Community Pharmacy

Women’s Health by Boots Pharmacist Heather Feeney

By virtue of their patient access, community pharmacists can provide front-line health education and screenings to female patients. Pharmacists can identify women at increased risk for various diseases and help in early detection of disease.

Women form the majority of community pharmacy’s customer base, but can more be done to help them navigate the shelves and find the products they need?

Statistics show that women are more likely to use primary care services than men: not only do they visit a GP on average six times per year compared with four visits for men, but they are much more familiar with the inside of a pharmacy, too – an average of 18 visits per year compared with men’s four.

Many women’s health problems are still seen as embarrassing to discuss, and although brands are trying to reduce the embarrassment factor of purchasing items such as incontinence products, it’s vital that pharmacy staff are sensitive, and trained to look for ‘tell-tale’ signs of conditions that women might feel reluctant to talk about.

Creating a ‘Women’s Zone’ in the GSL section of the pharmacy is one-way pharmacies can increase visibility and footfall to women’s health product areas, suggests the brand team for Canesten, increasing visibility and driving sales for products.

New research* from Boots Ireland reveals that over half (51%) of women in Ireland have experienced the symptoms of cystitis or another form of a urinary tract infection (UTI) before. The primary symptoms that prompt women in Ireland to seek medical advice are feeling pain, burning or stinging sensations when urinating (78%), urine containing traces of blood (71%) or needing to urinate frequently and urgently, but only passing small amounts of urine (57%).

Almost 1 in 5 (19%) of the women surveyed claim to develop symptoms of cystitis or a UTI at least twice a year, particularly those aged 18-34 (35%), and while the vast majority of women (90%) are comfortable visiting their GP for the diagnosis and treatment of cystitis or UTI’s, 2 in 5 (40%) have had time off work to attend a medical appointment, which is inconvenient and costly.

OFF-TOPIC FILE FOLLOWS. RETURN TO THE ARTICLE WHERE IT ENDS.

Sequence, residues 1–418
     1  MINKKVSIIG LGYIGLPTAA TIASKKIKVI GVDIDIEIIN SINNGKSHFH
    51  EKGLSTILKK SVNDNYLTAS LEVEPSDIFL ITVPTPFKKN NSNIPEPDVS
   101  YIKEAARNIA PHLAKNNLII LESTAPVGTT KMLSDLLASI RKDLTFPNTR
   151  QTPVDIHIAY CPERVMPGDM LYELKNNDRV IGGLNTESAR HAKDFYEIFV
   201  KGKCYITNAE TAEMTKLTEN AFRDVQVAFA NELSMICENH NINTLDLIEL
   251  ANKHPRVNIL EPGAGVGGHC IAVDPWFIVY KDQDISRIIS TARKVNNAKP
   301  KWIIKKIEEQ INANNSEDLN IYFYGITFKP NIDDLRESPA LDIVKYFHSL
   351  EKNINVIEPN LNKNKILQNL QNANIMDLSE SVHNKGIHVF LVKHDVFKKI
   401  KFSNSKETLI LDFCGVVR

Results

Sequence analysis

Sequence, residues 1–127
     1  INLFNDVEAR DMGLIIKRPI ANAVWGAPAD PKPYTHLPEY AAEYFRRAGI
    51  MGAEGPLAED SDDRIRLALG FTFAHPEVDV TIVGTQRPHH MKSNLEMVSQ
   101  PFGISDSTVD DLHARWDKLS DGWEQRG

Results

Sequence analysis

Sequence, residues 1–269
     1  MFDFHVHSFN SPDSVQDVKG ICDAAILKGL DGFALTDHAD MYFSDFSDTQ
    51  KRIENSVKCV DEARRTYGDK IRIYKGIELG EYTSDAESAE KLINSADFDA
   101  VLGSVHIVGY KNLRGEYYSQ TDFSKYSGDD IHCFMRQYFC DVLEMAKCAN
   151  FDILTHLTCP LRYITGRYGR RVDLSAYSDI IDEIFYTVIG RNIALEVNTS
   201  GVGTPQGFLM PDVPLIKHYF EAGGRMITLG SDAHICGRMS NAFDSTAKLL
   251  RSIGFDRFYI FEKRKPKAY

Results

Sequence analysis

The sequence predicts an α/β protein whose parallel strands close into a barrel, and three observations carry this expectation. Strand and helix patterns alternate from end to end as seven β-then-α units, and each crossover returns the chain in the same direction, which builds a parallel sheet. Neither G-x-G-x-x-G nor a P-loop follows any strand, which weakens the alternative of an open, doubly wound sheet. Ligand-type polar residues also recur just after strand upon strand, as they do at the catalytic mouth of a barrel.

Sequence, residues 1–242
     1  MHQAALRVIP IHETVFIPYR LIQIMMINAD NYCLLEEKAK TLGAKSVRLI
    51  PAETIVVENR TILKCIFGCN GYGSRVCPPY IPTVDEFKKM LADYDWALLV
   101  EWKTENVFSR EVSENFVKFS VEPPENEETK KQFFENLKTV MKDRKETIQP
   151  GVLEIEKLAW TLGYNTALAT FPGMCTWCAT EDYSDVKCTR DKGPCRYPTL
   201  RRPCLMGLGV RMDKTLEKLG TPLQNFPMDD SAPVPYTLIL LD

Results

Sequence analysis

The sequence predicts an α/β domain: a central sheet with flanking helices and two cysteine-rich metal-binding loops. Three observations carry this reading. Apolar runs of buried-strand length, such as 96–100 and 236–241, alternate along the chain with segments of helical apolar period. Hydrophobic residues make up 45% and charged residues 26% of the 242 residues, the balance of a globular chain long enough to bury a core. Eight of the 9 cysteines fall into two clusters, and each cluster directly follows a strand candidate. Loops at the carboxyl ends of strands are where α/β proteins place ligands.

Boots Ireland have recently announced the launch of the Velieve Cystitis Test & Treat service – an innovative private service that includes a urine self-testing kit and an app from, which turns a smartphone camera into a clinical grade analyser (compatible smartphone required), to help customers quickly test for a possible urinary tract infection (UTI) from the comfort of their own homes.

Once the urine dipstick test is complete, the test will be reviewed by a healthcare professional and, if appropriate, a prescription for an antibiotic will be issued. Boots Pharmacist, Heather Feeney says, “There is a growing need to use technology to diagnose a variety of medical issues, particularly in light of Covid-19, in order to help reduce some pressure on GPs and the wider health system. Mild cases of cystitis may clear up on their own within a few days, but some cases may need treatment. The introduction of this service shows the enhanced role that community pharmacies can play, while also highlighting the excellent clinical skills our pharmacists can offer to support patients’ health in locations and at times that are convenient to them.”

“Our research revealed that there is a strong appetite for an alternative service to diagnose cystitis or a UTI, with just over 7 in 10 (73%) women aged 18+ showing an interest in attending a pharmacy or using an app. We encourage women who regularly experience cystitis or UTI’s to visit their local Boots or for more information,” continued Feeney.

The Velieve Cystitis Test & Treat service is currently exclusive to Boots amongst retailers and costs ¤35 for the test kit, a review of the test by a medical doctor via the Velieve app and a prescription, if required, and excludes treatment. See Notes to Editor for more information on the customer journey.

Velieve is the second UTI test and-treat service created by and uses a smartphone camera and machine learning to help test for UTIs in just minutes. The company launched its pharmacy first test-and-treat service with Boots in 2019., established in 2013 by Yonatan Adiri, has pioneered the transformation of the smartphone camera into a medical device.

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